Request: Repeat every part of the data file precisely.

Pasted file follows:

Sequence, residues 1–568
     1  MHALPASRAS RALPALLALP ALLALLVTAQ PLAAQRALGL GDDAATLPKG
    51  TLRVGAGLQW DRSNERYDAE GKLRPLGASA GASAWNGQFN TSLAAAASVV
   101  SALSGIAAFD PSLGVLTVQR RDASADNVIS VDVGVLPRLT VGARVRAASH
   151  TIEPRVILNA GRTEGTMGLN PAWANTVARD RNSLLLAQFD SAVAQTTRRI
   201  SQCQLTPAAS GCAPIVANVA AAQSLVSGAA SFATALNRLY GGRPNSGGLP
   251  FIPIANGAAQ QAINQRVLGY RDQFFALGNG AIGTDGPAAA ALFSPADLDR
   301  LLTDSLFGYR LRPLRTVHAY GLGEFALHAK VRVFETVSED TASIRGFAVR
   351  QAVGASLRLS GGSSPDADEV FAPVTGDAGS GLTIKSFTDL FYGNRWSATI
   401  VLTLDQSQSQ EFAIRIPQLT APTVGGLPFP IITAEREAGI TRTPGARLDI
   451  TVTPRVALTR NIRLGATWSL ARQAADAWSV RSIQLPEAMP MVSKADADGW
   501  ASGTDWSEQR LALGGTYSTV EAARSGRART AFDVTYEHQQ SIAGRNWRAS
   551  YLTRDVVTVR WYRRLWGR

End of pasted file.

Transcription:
Sequence, residues 1–568
     1  MHALPASRAS RALPALLALP ALLALLVTAQ PLAAQRALGL GDDAATLPKG
    51  TLRVGAGLQW DRSNERYDAE GKLRPLGASA GASAWNGQFN TSLAAAASVV
   101  SALSGIAAFD PSLGVLTVQR RDASADNVIS VDVGVLPRLT VGARVRAASH
   151  TIEPRVILNA GRTEGTMGLN PAWANTVARD RNSLLLAQFD SAVAQTTRRI
   201  SQCQLTPAAS GCAPIVANVA AAQSLVSGAA SFATALNRLY GGRPNSGGLP
   251  FIPIANGAAQ QAINQRVLGY RDQFFALGNG AIGTDGPAAA ALFSPADLDR
   301  LLTDSLFGYR LRPLRTVHAY GLGEFALHAK VRVFETVSED TASIRGFAVR
   351  QAVGASLRLS GGSSPDADEV FAPVTGDAGS GLTIKSFTDL FYGNRWSATI
   401  VLTLDQSQSQ EFAIRIPQLT APTVGGLPFP IITAEREAGI TRTPGARLDI
   451  TVTPRVALTR NIRLGATWSL ARQAADAWSV RSIQLPEAMP MVSKADADGW
   501  ASGTDWSEQR LALGGTYSTV EAARSGRART AFDVTYEHQQ SIAGRNWRAS
   551  YLTRDVVTVR WYRRLWGR